Industry doesn’t adequately protect kids from junk food ads, Secretary of State investigates legal ban

In order to protect children from harm to health, manufacturers in the Netherlands have agreed not to target unhealthy products to children under the age of 13. However, 40 percent of kids watch fast food ads. New research shows that this is due to social media, where age limits appear to be fake, but also due to the self-regulatory system surrounding junk food advertising rules.

Henri Faun of the research agency Panteia conducted the research on behalf of Foodwatch Food Watch. What are the conclusions of Faun, who also monitors children’s marketing for the Department of Health? “We have seen through the screen for years that marketing of unhealthy foods continues to reach children despite the rules in place. In the supermarket or in recreational facilities, and increasingly via social media. New research shows that the self-regulatory system of advertising is one of the reasons that “.

Only a few complaints a year

Faun stands for the Dutch Declaration Code for Food Products (RvV). In it, manufacturers agreed with each other on how to prevent children from seeing ads for fast food. But this system does not protect children well? “What we have seen is that consumer organizations are not allowed to submit amendment proposals. Moreover, when other parties, such as industry and advertising agencies, submit proposals, their votes have less importance.” So the changes are also approved if consumer organizations vote against them, Vaughn explains. “While consumer organizations are calling for stricter rules, they will not come.”

For this reason, the Consumers Association suspended its collaboration with the Advertising Code Foundation last year. They no longer wanted to go this way, and it turned out that their input had no effect.

Faun also sees points for attention when it comes to overseeing compliance with existing rules. “The control is only there when a complaint is made and this only happens a few times a year, while in our monitoring we see that many violations appear to occur.” In addition, the advertising law is not adequately directed to developments on social media. This is a big gray area, where it’s hard to control who sees the ads. There, kids can be exposed to a lot of ads for unhealthy foods.”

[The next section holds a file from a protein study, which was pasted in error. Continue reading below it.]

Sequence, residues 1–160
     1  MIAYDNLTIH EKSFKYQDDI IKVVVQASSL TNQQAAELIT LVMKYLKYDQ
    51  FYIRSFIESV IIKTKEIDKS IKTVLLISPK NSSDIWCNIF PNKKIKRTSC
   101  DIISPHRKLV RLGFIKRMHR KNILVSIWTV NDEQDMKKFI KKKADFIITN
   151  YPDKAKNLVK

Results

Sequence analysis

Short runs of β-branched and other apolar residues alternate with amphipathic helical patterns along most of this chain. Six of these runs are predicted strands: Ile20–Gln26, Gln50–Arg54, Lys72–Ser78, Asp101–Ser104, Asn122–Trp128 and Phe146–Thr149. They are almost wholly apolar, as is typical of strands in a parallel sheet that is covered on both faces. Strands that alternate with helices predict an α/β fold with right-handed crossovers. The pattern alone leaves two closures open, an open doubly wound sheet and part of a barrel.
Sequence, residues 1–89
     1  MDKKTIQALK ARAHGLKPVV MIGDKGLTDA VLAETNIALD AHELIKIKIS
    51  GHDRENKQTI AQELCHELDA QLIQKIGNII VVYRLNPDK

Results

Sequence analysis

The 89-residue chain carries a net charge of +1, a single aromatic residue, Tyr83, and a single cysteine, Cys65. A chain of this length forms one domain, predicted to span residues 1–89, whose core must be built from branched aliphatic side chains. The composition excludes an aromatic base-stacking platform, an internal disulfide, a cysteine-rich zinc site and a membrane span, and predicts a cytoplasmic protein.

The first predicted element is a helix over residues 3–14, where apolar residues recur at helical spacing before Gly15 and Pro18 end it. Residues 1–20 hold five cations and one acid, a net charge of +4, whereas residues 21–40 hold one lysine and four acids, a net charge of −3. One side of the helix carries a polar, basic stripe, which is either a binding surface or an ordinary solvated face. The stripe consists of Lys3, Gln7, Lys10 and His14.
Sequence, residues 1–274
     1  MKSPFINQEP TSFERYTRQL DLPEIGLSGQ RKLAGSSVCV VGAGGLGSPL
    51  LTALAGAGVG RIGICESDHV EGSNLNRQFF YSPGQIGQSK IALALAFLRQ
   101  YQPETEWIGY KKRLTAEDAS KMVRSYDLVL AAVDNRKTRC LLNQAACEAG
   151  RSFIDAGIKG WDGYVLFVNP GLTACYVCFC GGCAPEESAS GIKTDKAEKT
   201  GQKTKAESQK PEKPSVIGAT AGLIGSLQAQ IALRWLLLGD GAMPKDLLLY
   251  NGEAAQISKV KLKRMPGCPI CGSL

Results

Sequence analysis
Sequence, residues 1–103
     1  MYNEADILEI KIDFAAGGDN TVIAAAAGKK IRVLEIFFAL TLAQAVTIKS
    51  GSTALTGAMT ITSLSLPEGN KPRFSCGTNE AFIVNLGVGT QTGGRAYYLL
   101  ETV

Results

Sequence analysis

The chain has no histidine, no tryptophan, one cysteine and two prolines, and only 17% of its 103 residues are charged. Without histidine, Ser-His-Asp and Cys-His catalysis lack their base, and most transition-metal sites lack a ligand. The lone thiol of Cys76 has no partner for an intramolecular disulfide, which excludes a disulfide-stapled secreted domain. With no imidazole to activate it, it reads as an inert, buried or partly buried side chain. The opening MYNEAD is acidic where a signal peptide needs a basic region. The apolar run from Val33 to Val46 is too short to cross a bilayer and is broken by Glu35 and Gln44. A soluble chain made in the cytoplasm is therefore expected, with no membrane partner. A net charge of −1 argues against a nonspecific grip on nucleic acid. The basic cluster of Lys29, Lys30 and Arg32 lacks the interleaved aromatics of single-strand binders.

Food advertisements contribute to obesity in children

The system of self-regulation surrounding food advertising and its consequences is sensitive, because the government made agreements in 2018 to reduce overweight among children. 16 percent of children ages 4 to 17 are overweight. The number of teens has doubled in 30 years. Advertising of food contributes to obesity. Scientist Frans Volkford from Tilburg University conducted research in this regard: “There is a clear effect that if people watch ads for fast food, they will also eat unhealthy food afterwards. This effect is stronger for children.”

So consumer organizations have been calling for stricter rules for years. In 2015, Alliance Stop Child Marketing Unhealthy Food was founded. Universities and municipalities joined as well as UNICEF and the Dutch Pediatric Association. They just want to promote healthy food for kids up to 18 years old.

Nicole van Gemmert, director of Foodwatch, who is also part of the coalition, found the reason for the new research for the legal ban on marketing to children: “I read in this report that butchers inspect their own meat, so that stricter rules don’t stand a chance. The current system does not guarantee health.”

FNLI wants to stay in touch

The Dutch Food Industry Association (FNLI) is responsible for RvV. They indicate that they want to make adjustments to the rules again next year. Director Sis-Jan Adema: “We want to raise the age to 16. We will enter into discussions with stakeholders about the standards for the products to which this will apply. We are also looking at the possibility of pre-assessment and investigating how to make compliance with the Code on social media more regulated.” According to FNLI, the starting point is to always be and remain in dialogue with all stakeholders.

The Ad Code Foundation, which facilitates the ad code, says it is surprised it was not consulted in the report. They see incorrect assumptions and have therefore entered into consultations with the research agency. The Advertising Code Foundation makes sense that the consumer’s voice should be less important, because these are the rules the industry has imposed on itself.

The Minister of Foreign Affairs is investigating the ban

Secretary of State Martin van Augen of Public Health wrote in response that he thought it was important to change something. “I have already been in discussions with FNLI, as the owner of the code, to tighten the code in two areas: raising the minimum age from 13 to 18 so that social media is also part of the code, and tightening nutrition standards. We are still discussing both points.”

Additionally, Van Ooijen is exploring a number of legal options in the food environment: “Banning marketing to children is part of this. I will be reporting to the House of Representatives this fall on the results of this legal exploration. If the industry does not act sufficiently, the legislation may be in order.”

know more? Watch our broadcast:

Leave a Comment